If you or someone you know has just been diagnosed with pre-diabetes, all is not lost. There is actually some good news here. You and your doctor still have time to reverse the process and prevent the onset of diabetes. This is because pre-diabetes simply means diabetes has not developed just yet, but the individual is much more likely to develop diabetes in the near future.
Typically, diabetes is diagnosed by running blood tests, typically to look at fasting blood sugar levels and insulin levels. The fasting blood sugar level - how much sugar is in the bloodstream after not eating for 8-12 hours, is valuable information because it tells the doctor how your body is processing sugar. Generally, we want the sugar to get to the muscles, the liver, and the brain so that it can be used for energy. When we have too much sugar in the bloodstream (hyperglycemia), it can lead to long-term health effects, like the loss of feeling in one’s fingers and toes, changes in vision (including blindness), and an increased risk for heart disease and stroke.
How much sugar in the bloodstream is too much? The cutoff for a fasting blood test is 100 milligrams per deciliter (mg/dL) or higher. Doctors may also look at another blood test called hemoglobin A1c (HbA1c). This helps the doctor determine average blood sugar levels over the past three months. HbA1c is expressed as a percentage, where a value less than 6.5 percent is ideal.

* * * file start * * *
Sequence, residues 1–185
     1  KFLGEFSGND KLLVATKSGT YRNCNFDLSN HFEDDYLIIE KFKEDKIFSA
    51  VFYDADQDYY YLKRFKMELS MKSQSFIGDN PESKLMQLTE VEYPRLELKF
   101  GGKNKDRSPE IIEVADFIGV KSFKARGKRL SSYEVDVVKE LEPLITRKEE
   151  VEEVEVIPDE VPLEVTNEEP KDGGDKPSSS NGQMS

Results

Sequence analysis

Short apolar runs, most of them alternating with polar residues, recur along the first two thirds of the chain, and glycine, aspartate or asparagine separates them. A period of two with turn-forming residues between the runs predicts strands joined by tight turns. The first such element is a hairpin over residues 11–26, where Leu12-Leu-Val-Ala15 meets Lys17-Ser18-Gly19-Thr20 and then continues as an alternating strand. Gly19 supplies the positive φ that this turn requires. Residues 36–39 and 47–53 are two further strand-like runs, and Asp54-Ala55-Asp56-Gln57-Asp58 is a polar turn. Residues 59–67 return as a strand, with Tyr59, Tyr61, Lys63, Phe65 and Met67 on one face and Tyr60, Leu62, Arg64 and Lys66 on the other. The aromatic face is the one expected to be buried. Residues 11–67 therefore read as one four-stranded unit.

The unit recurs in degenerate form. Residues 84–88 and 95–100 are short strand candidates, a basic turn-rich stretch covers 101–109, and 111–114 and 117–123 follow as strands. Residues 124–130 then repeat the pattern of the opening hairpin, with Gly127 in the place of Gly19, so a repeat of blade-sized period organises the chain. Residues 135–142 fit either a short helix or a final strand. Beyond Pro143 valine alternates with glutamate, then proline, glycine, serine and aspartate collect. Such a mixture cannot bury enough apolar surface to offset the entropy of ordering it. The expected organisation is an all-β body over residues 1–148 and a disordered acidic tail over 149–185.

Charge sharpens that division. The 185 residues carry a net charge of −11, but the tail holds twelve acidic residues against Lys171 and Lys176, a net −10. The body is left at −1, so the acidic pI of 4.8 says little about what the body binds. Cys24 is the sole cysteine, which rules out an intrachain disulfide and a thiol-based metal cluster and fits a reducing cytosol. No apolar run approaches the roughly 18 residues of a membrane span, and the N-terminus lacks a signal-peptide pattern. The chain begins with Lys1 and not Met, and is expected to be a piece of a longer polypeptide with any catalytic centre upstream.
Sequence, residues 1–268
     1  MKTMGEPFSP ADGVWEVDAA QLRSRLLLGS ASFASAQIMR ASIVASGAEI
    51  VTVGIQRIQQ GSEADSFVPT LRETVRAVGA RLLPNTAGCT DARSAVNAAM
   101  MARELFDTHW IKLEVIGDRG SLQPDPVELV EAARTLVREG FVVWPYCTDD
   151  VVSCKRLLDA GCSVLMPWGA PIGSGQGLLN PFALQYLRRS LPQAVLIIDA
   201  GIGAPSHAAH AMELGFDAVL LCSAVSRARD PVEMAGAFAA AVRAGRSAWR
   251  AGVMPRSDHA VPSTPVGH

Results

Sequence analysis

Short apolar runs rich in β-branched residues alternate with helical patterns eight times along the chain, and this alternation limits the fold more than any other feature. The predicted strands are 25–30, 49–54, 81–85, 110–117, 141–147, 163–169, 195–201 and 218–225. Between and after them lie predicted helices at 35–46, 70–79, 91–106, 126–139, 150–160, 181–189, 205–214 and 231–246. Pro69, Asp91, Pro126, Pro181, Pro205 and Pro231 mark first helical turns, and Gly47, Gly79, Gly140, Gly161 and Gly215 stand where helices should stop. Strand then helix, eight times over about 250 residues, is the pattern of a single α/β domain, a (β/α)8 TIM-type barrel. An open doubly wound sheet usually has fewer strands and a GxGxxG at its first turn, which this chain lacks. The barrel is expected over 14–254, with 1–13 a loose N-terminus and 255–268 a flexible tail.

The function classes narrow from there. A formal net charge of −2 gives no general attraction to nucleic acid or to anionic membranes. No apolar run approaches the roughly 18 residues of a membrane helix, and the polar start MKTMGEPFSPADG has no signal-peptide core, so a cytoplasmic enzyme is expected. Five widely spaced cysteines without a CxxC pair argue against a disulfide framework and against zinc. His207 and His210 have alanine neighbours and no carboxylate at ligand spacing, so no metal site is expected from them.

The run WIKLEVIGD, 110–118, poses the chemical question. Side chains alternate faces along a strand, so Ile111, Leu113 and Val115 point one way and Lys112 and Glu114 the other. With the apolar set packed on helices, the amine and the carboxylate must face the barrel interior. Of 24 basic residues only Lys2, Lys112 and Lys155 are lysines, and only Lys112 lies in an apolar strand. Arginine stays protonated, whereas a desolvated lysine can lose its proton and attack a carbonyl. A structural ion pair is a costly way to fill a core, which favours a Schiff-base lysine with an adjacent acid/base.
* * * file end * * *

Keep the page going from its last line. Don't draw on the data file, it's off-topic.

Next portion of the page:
What happens if your blood sugar is high (i.e., over 100), but not so high that you have diabetes? Well, the good news is there is still time to bring that blood sugar level back down.
Some of the most important steps an individual can take to reduce their blood sugar levels and prevent the onset of diabetes would be to do the following:
I realize that some of these suggestions may seem overwhelming. If that’s the case, please know that I understand. Instead, I recommend trying just one of these tactics… maybe the one suggestion that really jumped out at you. Or, the one you feel is most important to you right now. Or, it could be the one that you feel would be easiest to start with.
Whichever you choose, if you begin making at least one these changes, you are on the right track. Make an appointment with a naturopathic doctor.
By Neal Malik, DrPH, MPH, RDN, Chair of Basic Sciences and Nutrition at Bastyr University California.